Stocks turned mixed by late morning Tuesday as investor fear over what impact a terrorist attack in Brussels might have on markets faded. 

The S&P 500 was down 0.09%, the Dow Jones Industrial Average declined 0.19%, and the Nasdaq gained 0.09%. 

"It is all to do with the events in Brussels ... but the reaction is muted, which also shows that after all the terrorist attacks we have seen, markets have learned to live with these kind of things," Rabobank eurozone economist Emile Cardon told Reuters.

At least 26 people have been confirmed dead and many more injured after suicide bombers triggered explosions at the airport in Brussels and a metro station, according to reports. The attacks are believed to be in connection with the arrest earlier this week of the main suspect in the Paris terrorist attacks in November. The situation is still developing.

Travel stocks, including airlines and online-booking sites, were hit hardest on the reports. Airlines United Continental (UAL) , Delta Air Lines (DAL) , American Airlines (AAL) and Southwest (LUV) were all lower. Priceline (PCLN) and Expedia (EXPE) were also in decline.

"Investors should ... be braced and positioned for more stock market volatility if in fact the terror attacks continue or larger conflicts begin," Bill Stone, investment strategist at PNC, wrote in a note. "This positioning includes being in an asset allocation that both matches your objectives and ability to withstand price swings."

Safe-haven assets such as gold and government bonds moved higher as traders retreated to less-risky investments. Gold prices rose 0.9% to $1,255.60 an ounce. The yield on the benchmark 10-year Treasury note traded at 1.893% on Tuesday morning compared to 1.921% on Monday.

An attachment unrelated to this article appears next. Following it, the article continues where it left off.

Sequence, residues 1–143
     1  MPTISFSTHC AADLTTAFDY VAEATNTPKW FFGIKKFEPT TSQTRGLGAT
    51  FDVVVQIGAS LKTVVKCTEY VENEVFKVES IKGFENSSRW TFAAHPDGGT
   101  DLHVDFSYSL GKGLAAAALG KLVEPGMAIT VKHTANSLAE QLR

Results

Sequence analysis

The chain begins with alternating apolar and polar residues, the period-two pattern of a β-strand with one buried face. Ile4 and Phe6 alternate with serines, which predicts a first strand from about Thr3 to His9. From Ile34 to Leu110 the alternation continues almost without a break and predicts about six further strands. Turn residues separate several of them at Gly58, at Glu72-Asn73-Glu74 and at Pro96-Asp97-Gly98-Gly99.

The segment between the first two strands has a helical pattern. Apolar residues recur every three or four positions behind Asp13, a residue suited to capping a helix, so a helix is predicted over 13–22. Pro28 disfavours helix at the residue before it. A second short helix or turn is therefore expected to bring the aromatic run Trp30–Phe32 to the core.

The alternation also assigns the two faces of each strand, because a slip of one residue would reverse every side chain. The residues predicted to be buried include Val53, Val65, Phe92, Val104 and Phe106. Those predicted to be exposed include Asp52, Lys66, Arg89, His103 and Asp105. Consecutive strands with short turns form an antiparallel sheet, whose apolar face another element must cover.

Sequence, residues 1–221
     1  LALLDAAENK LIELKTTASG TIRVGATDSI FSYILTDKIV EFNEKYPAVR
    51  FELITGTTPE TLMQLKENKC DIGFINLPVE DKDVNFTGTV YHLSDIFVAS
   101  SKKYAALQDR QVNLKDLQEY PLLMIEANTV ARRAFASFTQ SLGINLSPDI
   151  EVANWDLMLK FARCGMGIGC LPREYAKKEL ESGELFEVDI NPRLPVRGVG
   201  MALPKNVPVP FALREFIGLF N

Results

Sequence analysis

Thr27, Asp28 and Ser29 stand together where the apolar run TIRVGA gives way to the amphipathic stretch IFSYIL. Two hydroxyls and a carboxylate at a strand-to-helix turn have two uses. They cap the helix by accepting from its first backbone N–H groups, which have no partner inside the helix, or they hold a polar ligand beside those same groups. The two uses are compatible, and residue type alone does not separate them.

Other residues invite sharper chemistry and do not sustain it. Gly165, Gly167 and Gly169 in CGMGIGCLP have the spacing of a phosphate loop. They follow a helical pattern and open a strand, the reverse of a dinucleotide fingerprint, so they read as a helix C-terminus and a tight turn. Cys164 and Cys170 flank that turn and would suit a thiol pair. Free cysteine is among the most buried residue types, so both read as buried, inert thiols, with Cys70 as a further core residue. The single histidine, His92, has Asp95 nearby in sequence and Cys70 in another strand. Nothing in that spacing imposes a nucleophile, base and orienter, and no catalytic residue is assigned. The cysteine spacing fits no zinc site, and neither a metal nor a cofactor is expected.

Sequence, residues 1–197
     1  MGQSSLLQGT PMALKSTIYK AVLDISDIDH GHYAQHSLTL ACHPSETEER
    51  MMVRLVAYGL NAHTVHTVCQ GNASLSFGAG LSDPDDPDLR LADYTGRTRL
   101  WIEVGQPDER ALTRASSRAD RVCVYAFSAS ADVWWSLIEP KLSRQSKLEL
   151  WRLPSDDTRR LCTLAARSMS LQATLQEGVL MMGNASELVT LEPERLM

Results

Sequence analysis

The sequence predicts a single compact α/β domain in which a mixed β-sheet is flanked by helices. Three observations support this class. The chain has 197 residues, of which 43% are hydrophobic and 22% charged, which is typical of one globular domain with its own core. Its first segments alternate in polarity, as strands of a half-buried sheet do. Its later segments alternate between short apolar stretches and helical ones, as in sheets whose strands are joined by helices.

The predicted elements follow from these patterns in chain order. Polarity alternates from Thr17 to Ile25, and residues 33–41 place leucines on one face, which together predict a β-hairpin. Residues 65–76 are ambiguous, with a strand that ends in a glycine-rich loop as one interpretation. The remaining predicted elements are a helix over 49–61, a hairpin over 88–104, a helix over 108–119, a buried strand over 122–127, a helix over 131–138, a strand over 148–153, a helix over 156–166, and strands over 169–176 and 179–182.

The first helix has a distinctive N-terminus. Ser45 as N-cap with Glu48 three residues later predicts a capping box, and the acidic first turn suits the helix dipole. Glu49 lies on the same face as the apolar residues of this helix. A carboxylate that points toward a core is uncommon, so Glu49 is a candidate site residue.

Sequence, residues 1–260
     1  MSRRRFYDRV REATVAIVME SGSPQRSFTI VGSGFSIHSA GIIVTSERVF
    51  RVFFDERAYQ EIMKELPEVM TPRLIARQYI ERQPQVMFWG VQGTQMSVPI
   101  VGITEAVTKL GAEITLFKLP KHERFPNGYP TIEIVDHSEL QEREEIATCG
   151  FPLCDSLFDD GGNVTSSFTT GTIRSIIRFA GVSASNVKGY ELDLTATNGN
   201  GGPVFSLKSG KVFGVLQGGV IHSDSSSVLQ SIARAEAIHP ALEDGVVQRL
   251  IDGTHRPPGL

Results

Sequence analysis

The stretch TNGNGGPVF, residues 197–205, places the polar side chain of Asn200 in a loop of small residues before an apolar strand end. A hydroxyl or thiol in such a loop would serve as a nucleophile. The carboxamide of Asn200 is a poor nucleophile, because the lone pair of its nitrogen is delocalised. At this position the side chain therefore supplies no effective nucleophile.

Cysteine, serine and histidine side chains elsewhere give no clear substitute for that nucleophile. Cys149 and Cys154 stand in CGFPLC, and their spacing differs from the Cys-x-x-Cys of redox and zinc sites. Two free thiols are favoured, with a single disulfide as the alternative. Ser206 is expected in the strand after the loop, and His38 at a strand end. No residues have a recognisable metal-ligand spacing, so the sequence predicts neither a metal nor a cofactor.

Crude oil was weaker on Tuesday, alongside equities markets. Commodity traders have contended with worries over U.S. oversupply, while hopes major oil-producing countries can agree on a production freeze has boosted investor appetite. West Texas Intermediate crude oil fell 1% to $41.11 a barrel on Tuesday.

U.S. manufacturing remained subdued as excess inventories stymied production and a stronger greenback hurt international demand. The a flash reading of Markit PMI climbed to 51.4 in March, coming off of a 28-month low in February, though remaining at depressed levels. 

Apple (AAPL) was on watch after federal prosecutors asked a judge to halt a much-anticipated hearing on their efforts to force the tech giant to unlock a phone used by one of the San Bernardino attackers. The FBI may have found another way, and Apple's cooperation may no longer be needed, according to court papers filed late Monday, less than 24 hours before Tuesday's hearing.

Separately, Apple unveiled its latest addition to its smartphone portfolio on Monday afternoon, the smaller, four-inch iPhone SE. 

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Symantec (SYMC) climbed more than 1% after announcing a $1 billion accelerated stock buyback program. The software company has tied the buyback program into its previously-announced $5.5 billion capital return plans, which include a $4 special dividend.

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